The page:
English 126: Research Paper

For this assignment you must research and write an original paper on a topic which relates to some area within the broad category of “The Humanities.”  Specific disciplines can include aspects of music, art, religion, language, philosophy, dance, photography, etc. in addition to the aspects of literature which make up the bulk of our classroom study and discussion.  You must receive a passing grade on this assignment to pass the class.

Essentially, your approach should be that of a critic.  Your paper should have the underlying purpose of providing some analysis, interpretation, and/or evaluation of the particular area you choose to research.  In other words, you should not merely report trends, standards, principles, perspectives, etc. which are or have been at the cutting edge of your topic.  Your discussion should add to the current discussion.

In your paper you need to base your criticism from the perspective of one or more of the schools of literary theories discussed in class handouts or our text, Literature: A Portable Anthology, edited by Janet E. Gardner, et al.  In your paper you need to provide some background or explanation of the particular criteria used by the theoretical school.  Then the bulk of your paper should be a discussion of how you see those criteria applied to the text to produce meaning, value, insight, etc.  (You may wish to explain how the criteria reveal the lack of these as well.)  For example, you could use principles of historical criticism to analyze how Alice in Wonderland by Lewis Carroll can be understood as an allegory of the historical political situation in England at that time, or you could use formalist (New) criticism or Mythological Criticism to examine the character of Luke Skywalker in The Last Jedi as a classic messianic hero who struggles with his own humanity.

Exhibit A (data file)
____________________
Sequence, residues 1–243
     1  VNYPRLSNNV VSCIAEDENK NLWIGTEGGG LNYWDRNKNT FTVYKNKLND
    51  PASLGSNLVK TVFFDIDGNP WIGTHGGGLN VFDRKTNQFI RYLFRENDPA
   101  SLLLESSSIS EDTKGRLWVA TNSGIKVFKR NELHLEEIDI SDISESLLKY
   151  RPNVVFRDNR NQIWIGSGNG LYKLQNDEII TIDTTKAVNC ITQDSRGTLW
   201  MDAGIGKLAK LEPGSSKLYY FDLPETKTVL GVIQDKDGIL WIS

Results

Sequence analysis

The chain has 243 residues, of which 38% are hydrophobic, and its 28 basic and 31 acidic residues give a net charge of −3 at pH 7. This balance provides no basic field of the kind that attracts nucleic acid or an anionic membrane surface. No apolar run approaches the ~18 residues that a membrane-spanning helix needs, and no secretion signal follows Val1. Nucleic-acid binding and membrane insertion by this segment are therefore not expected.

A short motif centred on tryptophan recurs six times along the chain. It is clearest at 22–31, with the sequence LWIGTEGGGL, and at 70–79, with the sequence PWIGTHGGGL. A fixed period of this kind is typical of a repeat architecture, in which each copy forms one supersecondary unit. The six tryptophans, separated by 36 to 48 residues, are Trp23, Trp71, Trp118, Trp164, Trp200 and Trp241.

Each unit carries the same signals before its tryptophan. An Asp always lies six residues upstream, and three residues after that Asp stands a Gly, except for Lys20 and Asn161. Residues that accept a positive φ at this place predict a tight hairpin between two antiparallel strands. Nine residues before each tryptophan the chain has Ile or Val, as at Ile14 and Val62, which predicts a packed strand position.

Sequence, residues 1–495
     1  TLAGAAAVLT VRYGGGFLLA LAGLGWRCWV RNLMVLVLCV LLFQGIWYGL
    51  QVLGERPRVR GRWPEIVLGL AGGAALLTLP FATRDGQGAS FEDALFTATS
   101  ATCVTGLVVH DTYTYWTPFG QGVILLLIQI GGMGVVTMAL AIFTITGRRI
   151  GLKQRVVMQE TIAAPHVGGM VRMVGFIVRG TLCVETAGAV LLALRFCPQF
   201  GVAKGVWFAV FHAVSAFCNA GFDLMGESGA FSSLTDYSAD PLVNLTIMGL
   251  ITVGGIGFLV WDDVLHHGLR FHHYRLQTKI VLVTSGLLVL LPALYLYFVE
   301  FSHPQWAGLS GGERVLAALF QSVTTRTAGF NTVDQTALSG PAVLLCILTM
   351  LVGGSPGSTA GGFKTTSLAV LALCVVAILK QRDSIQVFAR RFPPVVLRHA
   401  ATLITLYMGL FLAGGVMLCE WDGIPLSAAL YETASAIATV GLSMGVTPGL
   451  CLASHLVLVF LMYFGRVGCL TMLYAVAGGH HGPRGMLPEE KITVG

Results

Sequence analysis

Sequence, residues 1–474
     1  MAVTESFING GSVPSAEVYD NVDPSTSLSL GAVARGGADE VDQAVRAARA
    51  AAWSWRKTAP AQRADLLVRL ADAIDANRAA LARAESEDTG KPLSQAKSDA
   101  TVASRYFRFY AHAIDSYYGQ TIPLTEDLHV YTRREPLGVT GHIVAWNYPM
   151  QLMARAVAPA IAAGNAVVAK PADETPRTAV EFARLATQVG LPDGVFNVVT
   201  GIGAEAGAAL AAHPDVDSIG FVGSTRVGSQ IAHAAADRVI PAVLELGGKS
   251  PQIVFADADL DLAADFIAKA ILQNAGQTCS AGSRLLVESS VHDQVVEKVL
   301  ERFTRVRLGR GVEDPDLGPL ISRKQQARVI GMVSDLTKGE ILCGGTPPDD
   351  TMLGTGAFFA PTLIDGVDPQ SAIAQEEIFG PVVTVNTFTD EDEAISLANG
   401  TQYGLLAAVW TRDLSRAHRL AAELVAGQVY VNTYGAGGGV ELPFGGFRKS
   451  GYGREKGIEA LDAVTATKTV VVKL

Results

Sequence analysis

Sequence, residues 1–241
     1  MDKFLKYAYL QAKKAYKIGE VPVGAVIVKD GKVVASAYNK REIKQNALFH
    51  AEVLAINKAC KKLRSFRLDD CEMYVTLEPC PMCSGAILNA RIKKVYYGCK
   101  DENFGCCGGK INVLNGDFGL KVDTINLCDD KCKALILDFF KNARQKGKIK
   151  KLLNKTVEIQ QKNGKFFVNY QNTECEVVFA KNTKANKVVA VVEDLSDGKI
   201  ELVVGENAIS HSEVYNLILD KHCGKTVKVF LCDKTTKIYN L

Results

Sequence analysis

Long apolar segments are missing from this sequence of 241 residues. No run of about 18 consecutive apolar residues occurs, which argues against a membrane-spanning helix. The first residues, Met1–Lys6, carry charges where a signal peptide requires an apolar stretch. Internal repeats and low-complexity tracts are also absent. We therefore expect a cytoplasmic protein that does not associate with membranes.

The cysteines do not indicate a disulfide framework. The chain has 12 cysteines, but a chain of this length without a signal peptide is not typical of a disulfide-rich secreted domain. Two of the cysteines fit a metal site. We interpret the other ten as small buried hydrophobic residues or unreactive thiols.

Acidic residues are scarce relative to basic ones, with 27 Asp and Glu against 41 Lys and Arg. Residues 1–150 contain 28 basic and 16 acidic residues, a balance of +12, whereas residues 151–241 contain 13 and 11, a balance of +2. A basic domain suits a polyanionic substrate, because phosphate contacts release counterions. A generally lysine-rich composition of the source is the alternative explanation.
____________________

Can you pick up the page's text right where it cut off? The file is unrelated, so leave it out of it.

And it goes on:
Many texts offer commentary on social issues which may be contemporary and current both to the time of the text creation as well as our contemporary social situations.  However, the focus of your discussion should be on the text itself rather than the social, political, and/or cultural issues addressed in the text.  In other words, if the text deals with such issues as PTSD, rape culture, economic inequality, psychopathic disorders, family values, etc., the focus of your analysis should be on the actual text and its expression of such social concerns (positive or negative) rather than an investigation into the actual issue.  Thus, reliance on media reports and social behavior studies should be include at most to provide background information.  For example, a literary analysis on the TV series Breaking Bad should not stray into social issues related to the social ramifications of drug use in the USA.  Instead, it should focus on the actual content of the TV series as the “text” being analyzed.  Contemporary issues of illegal drug use should be limited to historical context only.

A paper which merely reports information gathered from a combination of different sources will receive a grade no higher than a “C.”  To receive a grade higher than a “C,” you must provide evidence of original thought and critical thinking.  This means you must explain some application, source, motivation, relative strengths or weaknesses, etc. of the material you are presenting.  Help your audience understand why the content is valuable to them.